Major hotel groups are in an arms race to introduce new rooms and enter new markets in a fight for the growing number of international travelers.

Amid the relatively recent growth, several of the groups including Marriott International, Hilton Worldwide, InterContinental Hotels Group, and Starwood Hotels and Resorts reported strong earnings this week.

The substantial net room growth reported in 2014, exceeded only by the group’s six-figure pipelines, is one signal of the rebounding industry.

One reason that hotel profits are so strong is that relatively few new properties are actually being built, explains hotel consultant Robert Cole of

Groups are instead converting properties to another brand or acquiring a brand.

Marriott and Hilton both grew their net room volume by 6 percent in 2014, each aided by conversions and acquisitions.

Forty percent of Marriott’s growth was from conversions and the Protea acquisition. Hilton’s growth was also assisted by conversions.

IHG’s net room growth for 2014 was a little more than half, at 3.4 percent, of its competitors Marriott and Hilton, but its development pipeline is closer to the ambitious plans of those brands than Starwood’s reported plans. IHG also acquired Kimpton Hotels in December 2014. Kimpton’s rooms are not reflected in IHG’s 2014 growth numbers.

Starwood cited poor execution as the primary driver behind now-former CEO Frits van Paasschen’s abrupt departure. The hotel group added just 7,000 rooms in 2014, a total of just 2 percent.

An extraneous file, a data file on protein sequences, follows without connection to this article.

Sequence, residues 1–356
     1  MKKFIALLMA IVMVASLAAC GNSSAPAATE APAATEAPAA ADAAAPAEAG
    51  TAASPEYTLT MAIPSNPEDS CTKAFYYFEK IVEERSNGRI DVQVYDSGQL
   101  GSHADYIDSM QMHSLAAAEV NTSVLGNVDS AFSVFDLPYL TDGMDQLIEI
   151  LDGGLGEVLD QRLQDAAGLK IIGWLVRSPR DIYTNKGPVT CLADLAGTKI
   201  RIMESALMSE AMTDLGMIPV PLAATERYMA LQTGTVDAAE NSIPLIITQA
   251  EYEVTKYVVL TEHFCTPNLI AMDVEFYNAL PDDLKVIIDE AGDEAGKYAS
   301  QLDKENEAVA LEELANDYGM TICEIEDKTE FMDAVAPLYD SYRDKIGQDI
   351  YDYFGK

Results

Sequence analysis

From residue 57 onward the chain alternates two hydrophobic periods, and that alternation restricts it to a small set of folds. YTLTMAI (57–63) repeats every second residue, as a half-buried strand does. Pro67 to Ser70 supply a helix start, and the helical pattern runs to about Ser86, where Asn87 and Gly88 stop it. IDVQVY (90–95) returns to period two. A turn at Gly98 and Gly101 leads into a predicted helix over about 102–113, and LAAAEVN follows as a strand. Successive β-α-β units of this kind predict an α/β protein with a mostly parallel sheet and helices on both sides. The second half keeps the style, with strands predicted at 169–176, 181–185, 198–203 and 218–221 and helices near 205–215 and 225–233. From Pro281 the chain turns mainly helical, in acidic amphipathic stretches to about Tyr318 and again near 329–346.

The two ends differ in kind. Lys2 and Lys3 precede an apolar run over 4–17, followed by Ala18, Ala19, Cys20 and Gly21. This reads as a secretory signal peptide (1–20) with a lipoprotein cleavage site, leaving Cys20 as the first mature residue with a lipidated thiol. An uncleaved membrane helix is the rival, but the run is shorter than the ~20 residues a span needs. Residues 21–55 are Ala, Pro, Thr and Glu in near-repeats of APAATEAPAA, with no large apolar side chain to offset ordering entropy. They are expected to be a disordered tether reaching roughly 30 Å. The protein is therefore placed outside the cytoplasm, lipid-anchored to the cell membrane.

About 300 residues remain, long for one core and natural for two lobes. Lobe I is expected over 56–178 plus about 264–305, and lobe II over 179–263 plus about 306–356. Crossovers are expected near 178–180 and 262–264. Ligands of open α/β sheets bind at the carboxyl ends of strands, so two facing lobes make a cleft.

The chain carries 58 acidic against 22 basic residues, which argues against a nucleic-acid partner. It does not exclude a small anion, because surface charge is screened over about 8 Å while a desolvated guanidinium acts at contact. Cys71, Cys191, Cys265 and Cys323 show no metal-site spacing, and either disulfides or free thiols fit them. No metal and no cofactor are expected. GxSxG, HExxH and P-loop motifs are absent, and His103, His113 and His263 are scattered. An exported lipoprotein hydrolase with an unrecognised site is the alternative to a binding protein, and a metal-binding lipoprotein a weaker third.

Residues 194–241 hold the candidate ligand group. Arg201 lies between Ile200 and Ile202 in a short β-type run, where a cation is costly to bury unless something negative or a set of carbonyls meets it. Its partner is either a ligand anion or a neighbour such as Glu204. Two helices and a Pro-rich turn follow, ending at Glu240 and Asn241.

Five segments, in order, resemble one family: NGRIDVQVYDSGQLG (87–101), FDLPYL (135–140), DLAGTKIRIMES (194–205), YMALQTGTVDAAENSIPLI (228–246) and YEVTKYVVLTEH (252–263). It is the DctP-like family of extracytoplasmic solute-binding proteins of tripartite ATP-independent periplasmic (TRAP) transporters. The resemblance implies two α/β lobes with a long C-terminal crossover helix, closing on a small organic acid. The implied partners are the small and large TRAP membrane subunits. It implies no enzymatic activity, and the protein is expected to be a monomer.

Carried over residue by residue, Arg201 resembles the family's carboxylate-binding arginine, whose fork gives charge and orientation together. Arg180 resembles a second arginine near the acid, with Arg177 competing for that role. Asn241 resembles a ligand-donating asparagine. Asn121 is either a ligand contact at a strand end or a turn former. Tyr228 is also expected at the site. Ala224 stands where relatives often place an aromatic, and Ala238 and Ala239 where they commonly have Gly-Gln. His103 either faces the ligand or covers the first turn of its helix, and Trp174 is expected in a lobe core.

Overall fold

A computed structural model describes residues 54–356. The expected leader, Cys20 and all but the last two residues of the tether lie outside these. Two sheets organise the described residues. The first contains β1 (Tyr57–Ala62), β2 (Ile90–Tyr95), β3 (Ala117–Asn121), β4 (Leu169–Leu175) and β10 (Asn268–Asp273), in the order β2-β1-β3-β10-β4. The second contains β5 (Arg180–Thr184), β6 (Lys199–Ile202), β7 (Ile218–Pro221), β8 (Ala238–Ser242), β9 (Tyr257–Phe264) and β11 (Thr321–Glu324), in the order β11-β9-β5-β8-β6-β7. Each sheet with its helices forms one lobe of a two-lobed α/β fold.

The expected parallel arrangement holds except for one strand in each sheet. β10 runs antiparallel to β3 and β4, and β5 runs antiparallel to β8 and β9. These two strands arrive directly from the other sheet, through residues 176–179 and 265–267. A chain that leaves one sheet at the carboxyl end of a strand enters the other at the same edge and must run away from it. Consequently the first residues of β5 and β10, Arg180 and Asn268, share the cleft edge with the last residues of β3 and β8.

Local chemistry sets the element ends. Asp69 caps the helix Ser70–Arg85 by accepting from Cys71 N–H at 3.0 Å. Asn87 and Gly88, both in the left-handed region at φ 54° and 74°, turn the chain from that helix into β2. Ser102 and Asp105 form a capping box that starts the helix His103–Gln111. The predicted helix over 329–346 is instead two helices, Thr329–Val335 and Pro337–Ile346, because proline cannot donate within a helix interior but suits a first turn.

This growth was far below the the 4 percent to 5 percent pace that Starwood forecast to stakeholders.

Van Paasschenmcited three factors for falling short during the full-year earnings call on February 10. These included longer development times in important growth markets, fewer conversions and a higher proportion of Select Serve hotels with lower average room counts.

“The combination of falling short compared to the forecast, along with falling short compared with the competition was the recipe for van Paasschen’s unceremonious departure,” says Cole.

“Wall Street rewarded the move by raising Starwood’s share price over 3% upon hearing the news. As a result, Starwood will now grow faster – which may have less to do with market demand and customer needs, and more about investor sentiment.”

The below chart outlines net room growth, the development pipeline, and total room count for the four major hotel groups:

Growth in 2014 and Future Pipeline

Hotel BrandRooms AddedNet Room GrowthDevelopment PipelineTotal Rooms
Photo Credit: The entrance to a Grand Suite in a Starwood St. Regis Hotel. Starwood Hotels & Resorts